I'll answer the second one first. So, can they qualify for the Big Ten and the answer to that is no, they are not eligible to qualify for the Big Ten tournament. To my knowledge, they are eligible to qualify for the actual tournament if they're going to have it, which I'm assuming they will. The reason why they cannot qualify for the Big Ten tournament is because they are officially not an actual member of the Big Ten for the purposes of the season. They're just contractually joining the Big Ten schedule for the 2020- 2021 season. 

So, they will not be able to participate in that, and the reason that is probably because they, the Big Ten, obviously wanted to keep the winner of that — the winner of each conference gets an automatic bid to determine, and I think it would be a pretty bad look, not the best look for the Big Ten if the winner of their conference wasn't even an actual member of their conference. That's the first thing. 

And then the second thing is to touch on the probability of whether or not they join a conference. I'm not too sure if ASU would want to travel a Big Ten schedule as if they were a member of the Big Ten for hockey, because they would have to go to places like Michigan, Michigan State, Minnesota, Notre Dame, Ohio State, Penn State and Wisconsin, and take it how you want those all seem like great places, but I'm sure that ASU would probably prefer to travel to some schools that are a little closer in proximity. If I were to guess, which, you know, I'm no expert, but if I were just to throw a dart, then the first conference that jumps out to me is the NCHC. Just because they have a fewer amount of teams than most other conferences. And they're also closer, so they have Colorado College, Denver and Nebraska, Omaha.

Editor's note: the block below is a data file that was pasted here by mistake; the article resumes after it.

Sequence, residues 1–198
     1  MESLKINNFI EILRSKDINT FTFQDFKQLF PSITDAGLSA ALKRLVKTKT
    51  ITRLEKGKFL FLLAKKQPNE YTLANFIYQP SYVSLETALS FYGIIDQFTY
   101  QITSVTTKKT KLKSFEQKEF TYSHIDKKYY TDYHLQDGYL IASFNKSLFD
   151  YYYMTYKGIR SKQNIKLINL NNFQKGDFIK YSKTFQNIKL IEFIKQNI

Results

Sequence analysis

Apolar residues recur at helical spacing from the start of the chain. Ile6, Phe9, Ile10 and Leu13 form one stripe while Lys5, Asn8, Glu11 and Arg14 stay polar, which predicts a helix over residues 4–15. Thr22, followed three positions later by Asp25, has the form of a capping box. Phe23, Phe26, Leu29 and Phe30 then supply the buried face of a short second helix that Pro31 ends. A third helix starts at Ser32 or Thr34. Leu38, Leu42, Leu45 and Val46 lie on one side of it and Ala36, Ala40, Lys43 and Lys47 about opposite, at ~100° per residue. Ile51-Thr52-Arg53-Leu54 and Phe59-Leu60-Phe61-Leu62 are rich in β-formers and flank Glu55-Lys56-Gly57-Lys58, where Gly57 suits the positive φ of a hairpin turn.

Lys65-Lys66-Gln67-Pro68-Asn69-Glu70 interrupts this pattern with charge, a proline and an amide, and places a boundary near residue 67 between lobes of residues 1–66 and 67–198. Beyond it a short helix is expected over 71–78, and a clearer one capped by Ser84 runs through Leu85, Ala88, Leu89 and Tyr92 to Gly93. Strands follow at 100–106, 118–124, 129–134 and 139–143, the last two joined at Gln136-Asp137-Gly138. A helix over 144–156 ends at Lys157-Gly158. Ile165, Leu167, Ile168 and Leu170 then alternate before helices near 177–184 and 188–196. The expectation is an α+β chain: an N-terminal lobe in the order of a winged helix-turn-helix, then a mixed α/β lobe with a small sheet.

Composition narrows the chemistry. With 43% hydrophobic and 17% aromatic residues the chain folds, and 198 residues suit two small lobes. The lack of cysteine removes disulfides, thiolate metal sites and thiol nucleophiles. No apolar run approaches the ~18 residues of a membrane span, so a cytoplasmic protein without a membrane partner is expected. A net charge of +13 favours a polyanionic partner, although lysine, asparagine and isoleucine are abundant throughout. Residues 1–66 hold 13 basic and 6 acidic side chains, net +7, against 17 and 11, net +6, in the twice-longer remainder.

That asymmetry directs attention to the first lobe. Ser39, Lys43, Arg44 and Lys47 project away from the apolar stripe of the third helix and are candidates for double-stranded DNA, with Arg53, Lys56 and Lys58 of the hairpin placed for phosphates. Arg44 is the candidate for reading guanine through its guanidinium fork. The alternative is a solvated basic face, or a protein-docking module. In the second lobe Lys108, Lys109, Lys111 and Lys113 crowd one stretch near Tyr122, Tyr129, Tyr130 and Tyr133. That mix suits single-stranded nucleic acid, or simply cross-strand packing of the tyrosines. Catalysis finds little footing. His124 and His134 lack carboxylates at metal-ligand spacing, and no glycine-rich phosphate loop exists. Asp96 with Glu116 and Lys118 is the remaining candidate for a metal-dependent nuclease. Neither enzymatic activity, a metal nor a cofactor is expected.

I could go on, but I think they want to wait for a new stadium to be built in a couple of years before they decide to look at a conference, but obviously with the pandemic affecting everything who knows how long, or if that's going to change anything at all. 

KOKI RILEY: 

When it comes to Big Ten sports, many people think of Big Ten football or Big Ten basketball, even what kind of conference is the Big Ten in hockey? Like how strong of a conference is that in that sport? 

AVERY KLATSKY: 

Minnesota, I think if I'm not wrong, Minnesota historically has been a pretty dominant program. Um, Wisconsin. ASU actually played Wisconsin in the final two games of the season, other than the regular season last year, and lost to Wisconsin both times, which was quite surprising because Wisconsin, I recall was the worst team from a schedule standpoint or a record standpoint in the Big Ten last season and ASU really probably needed those two games to help their statistical chance of making the tournament. They probably would've made the tournament anyway. We'll never know.